I stood there stunned that I could have so quickly and inadvertently changed the whole dynamic of our conversation and even friendship — all for having suggested that something seemed a bit out of whack with mainstream opinion on this topic.
This is not the first time this has happened. In fact, I should have come to expect it by now. Every time this subject comes up with anyone who favors government action on climate change, the result has been the same. We seem to be unable to have a rational conversation. It’s like an article of faith for them, and I’m suddenly the dangerous heretic who believes the world is flat.
Now, in light of this, I read Paul Krugman this morning. He writes in his column: “Read or watch any extended debate over climate policy and you’ll be struck by the venom, the sheer rage, of the denialists.”
The denialists? My whole experience has been the opposite. By denialists, I’m assuming he means people who doubt the merit of his grand central plan for the world economy. Among them, I’ve found a vast range of views, an open mindedness, and curiosity about the full range of opinion, and, quite often, an attitude that seems to me — if anything — to be far too quick to defer to all main conventions of this debate.
I have no interest in taking on the science of climatology but every time I’ve looked into this in depth, I’ve found that the consensus is far more loose than people like Krugman would suggest. Real scientists do not have the intensity of certainty that the politicians and pundits demand they have.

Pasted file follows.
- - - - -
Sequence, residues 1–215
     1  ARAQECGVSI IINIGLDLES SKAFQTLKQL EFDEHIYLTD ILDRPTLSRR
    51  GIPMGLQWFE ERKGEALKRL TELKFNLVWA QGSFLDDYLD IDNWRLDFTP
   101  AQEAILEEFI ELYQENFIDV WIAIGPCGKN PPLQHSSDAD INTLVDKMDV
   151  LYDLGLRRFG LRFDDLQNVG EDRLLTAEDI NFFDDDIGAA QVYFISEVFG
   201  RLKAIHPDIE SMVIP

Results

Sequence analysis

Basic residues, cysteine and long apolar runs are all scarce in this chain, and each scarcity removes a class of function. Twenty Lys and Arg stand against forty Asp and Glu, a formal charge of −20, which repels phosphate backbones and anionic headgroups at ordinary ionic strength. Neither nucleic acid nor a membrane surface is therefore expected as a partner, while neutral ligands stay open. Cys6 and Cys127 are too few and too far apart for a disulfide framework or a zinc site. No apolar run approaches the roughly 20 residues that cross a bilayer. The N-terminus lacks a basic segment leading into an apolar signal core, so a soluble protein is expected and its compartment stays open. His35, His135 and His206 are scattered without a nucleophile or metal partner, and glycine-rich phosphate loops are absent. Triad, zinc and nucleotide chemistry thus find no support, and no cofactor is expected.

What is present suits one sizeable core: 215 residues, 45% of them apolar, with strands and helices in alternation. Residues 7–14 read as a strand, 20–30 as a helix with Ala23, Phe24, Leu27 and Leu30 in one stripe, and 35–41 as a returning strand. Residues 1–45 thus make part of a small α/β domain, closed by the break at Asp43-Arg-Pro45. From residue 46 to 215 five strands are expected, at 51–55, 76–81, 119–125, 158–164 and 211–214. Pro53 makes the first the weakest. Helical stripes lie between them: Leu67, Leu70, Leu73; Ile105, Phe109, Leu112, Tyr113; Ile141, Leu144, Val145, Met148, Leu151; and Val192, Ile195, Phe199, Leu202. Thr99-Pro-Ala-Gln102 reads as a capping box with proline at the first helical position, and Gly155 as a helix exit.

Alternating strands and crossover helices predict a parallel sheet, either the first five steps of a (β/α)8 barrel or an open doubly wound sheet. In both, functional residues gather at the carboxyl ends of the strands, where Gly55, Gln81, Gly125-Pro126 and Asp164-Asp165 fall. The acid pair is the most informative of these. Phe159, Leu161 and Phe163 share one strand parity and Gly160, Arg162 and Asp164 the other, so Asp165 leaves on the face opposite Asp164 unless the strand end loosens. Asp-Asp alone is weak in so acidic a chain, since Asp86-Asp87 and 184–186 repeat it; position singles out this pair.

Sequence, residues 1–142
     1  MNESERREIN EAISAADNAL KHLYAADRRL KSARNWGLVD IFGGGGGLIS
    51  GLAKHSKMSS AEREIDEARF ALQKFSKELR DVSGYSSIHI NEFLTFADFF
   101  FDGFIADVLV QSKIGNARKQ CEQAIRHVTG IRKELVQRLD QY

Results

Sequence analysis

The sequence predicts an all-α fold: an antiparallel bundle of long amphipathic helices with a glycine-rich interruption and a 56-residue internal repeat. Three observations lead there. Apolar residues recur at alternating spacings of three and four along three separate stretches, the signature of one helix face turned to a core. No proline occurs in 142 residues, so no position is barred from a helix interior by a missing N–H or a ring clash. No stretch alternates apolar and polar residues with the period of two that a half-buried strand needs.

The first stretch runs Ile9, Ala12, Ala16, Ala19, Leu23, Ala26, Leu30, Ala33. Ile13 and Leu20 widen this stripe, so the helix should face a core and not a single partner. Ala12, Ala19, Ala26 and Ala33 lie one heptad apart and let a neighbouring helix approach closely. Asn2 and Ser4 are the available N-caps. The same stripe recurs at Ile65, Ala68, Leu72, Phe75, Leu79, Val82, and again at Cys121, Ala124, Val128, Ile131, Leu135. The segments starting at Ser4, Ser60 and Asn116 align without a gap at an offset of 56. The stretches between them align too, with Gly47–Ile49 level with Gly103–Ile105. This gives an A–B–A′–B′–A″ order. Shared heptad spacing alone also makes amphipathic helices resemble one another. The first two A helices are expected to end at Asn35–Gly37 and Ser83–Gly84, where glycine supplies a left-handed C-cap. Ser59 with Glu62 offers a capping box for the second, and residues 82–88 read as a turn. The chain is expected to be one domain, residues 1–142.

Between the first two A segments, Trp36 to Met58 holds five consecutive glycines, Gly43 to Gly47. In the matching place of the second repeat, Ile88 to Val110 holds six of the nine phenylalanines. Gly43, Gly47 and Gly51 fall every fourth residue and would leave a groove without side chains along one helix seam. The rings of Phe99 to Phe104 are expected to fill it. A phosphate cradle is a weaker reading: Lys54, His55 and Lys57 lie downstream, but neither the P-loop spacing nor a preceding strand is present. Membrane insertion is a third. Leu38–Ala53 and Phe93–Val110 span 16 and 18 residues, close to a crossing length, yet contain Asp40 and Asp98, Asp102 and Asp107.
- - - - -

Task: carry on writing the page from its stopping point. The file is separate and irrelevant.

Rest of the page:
Discerning cause and effect, cost and benefit, problem and solution, in a field that touches on the whole of the social and natural science — come on. We are kidding ourselves if we think there is just one way to look at this.
If you want tolerance and humility, and a willingness to defer to the evidence and gradual process of scientific discovery, you will find it among those who have no desire to manage the world from the top down.
What can we say about those who want to empower a global coterie of elites to make the decision about what technologies we can use and how much under the guise of controlling something so gigantically amorphous and difficult to measure, detect, and precisely manage as earth’s surface temperature?
This is a level of chutzpah that surpasses the wildest fantasies of any socialist planner.
Even without knowing anything of the literature, without having read any of the best science on the topic, anyone with knowledge of the politics of science and the politics of public policy can know this much about attempts to deploy the state to deal with climate change: this is not going to end well.
And perhaps this explains the incredible intolerance, belligerence, and stunning dogmatism of those who are demanding we shut down the market in order to accommodate their wishes.
They really can’t allow a debate, because they will certainly and absolutely and rightly lose.
When that is certain, the only way forward is to rage.
Which is precisely what I expect to happen in the wake of what I’ve just written.
The Economics of Life Itself